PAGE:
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Australian Petrol and Food Supply Grids At Risk By Proposed 24-hour Nationwide Trucker Strike

Brittany Jordan



Australia’s national food and petrol supply could be affected as thousands of truck drivers agreed to strike on Aug. 27 over a pay dispute with logistics giant Toll.

The Transport Workers Union (TWU) will follow through on its July threat to “cripple food and fuel supplies across Australia” after a successful vote saw 97 percent of its 7,000 members agree to strike action.

Truckies, under the protection of the Fair Work Act, will implement a 24-hour strike and likely affect supply chains. The dispute centres on a newly proposed enterprise agreement that comes as Toll finalises the sale of its Global Express business to fund manager Allegro.

“Toll workers have been forced to take the last resort option to go on strike this week because their jobs are being smashed. To do nothing would be to wait like sitting ducks for the jobs they’ve skilfully done for decades to be given away to the lowest common denominator,” Michael Kaine, TWU national secretary, said in a statement.

“It is an abomination that billionaire retailers like Amazon are smashing profit records while ripping off transport supply chains and crushing the jobs of the truck drivers who’ve risked the health of their families to deliver parcels and keep shelves stocked.”

However, Toll has denied claims of cutting worker pay or benefits. In fact, the new agreement under Allegro will preserve many existing conditions and include an additional $750 lump sum, and wage increases of 1.5 percent in 2021 and 1.75 percent in 2022.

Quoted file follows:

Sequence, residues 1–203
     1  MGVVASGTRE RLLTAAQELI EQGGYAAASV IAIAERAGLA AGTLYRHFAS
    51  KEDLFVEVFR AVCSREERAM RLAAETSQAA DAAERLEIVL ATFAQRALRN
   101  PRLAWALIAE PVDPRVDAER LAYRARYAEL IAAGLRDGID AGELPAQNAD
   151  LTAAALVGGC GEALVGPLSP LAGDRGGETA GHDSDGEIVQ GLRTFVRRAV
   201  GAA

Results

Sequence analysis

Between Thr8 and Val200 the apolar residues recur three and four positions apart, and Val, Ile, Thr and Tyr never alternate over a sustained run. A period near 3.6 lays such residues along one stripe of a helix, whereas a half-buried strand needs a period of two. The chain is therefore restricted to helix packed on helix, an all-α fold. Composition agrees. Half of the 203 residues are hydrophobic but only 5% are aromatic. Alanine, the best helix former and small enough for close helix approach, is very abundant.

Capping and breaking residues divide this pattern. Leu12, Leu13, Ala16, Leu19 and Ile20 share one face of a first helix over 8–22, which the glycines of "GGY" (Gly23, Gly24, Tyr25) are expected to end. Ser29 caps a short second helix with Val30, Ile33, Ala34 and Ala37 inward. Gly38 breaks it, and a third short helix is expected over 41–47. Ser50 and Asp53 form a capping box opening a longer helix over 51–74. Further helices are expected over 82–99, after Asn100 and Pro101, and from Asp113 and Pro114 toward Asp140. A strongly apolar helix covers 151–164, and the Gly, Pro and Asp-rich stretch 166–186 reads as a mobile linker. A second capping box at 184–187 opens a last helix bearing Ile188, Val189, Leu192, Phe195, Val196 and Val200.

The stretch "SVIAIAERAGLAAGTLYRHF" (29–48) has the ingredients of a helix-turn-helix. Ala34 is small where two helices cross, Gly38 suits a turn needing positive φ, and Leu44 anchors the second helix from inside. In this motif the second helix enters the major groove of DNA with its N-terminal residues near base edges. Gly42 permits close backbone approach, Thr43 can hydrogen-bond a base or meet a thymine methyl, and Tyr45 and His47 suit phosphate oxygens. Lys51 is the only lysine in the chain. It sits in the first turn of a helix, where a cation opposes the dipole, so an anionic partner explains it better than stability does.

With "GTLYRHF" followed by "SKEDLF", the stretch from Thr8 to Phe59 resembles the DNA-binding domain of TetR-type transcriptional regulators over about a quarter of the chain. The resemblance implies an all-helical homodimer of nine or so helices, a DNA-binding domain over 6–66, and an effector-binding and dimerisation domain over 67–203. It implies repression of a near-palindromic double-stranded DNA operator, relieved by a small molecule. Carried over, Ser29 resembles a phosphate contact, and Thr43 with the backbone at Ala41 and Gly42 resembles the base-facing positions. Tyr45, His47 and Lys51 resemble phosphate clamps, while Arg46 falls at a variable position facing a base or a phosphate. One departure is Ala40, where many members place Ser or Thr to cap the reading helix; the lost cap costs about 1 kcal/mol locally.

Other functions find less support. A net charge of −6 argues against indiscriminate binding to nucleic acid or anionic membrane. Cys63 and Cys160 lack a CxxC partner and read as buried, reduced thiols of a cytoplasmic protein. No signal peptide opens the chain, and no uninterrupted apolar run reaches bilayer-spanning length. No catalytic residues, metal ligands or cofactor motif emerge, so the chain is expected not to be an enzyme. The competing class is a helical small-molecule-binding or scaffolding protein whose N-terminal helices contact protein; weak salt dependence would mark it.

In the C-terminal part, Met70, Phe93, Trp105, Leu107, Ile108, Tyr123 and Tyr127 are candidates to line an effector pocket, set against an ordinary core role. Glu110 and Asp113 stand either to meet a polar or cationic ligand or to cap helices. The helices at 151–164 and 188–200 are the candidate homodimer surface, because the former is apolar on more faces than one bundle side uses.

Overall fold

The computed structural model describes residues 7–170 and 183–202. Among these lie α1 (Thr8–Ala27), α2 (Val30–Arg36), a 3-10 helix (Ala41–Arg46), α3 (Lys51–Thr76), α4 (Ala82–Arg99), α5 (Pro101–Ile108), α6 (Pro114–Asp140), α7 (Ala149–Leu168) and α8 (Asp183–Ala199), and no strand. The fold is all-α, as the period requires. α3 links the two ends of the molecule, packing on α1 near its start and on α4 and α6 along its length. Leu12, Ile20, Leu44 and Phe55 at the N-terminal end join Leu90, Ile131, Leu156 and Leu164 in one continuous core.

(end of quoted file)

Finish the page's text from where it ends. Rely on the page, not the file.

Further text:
Toll has also been looking to expand into the eCommerce and business-to-consumer sector—which has seen considerable growth in recent years—to compete with casual delivery services such as AmazonFlex and will offer this segment of workers a different pay structure from the existing logistics business.

Regarding the strike action, a Toll spokesperson said it was “disappointed” that the WU would threaten strike action in the middle of a pandemic.

“One thing we and the union do agree on, our employees deserve a pay rise,” he said. “We’ve put a generous offer on the table and are committed to further discussion.”

“As one of the country’s biggest transport companies, we are well used to managing disruptions to our operations, from bushfires to floods to a global pandemic,” Alan Beacham, the Global Express division president, said in a statement.

“We can assure customers their goods will be transported during any potential industrial action.”

Brittany Jordan is an award-winning journalist who reports on breaking news in the U.S. and globally for the Federal Inquirer. Prior to her position at the Federal Inquirer, she was a general assignment features reporter for Newsweek, where she wrote about technology, politics, government news and important global events around the world. Her work has also appeared in the Washington Post, the South Florida Sun-Sentinel, Toronto Star, Frederick News-Post, West Hawaii Today, the Miami Herald, and more. Brittany enjoys food, travel, photography, and hoarding notebooks and journals. Her goal is to do more longform features journalism, narrative writing and documentary work, and to one day write a successful novel and screenplay.

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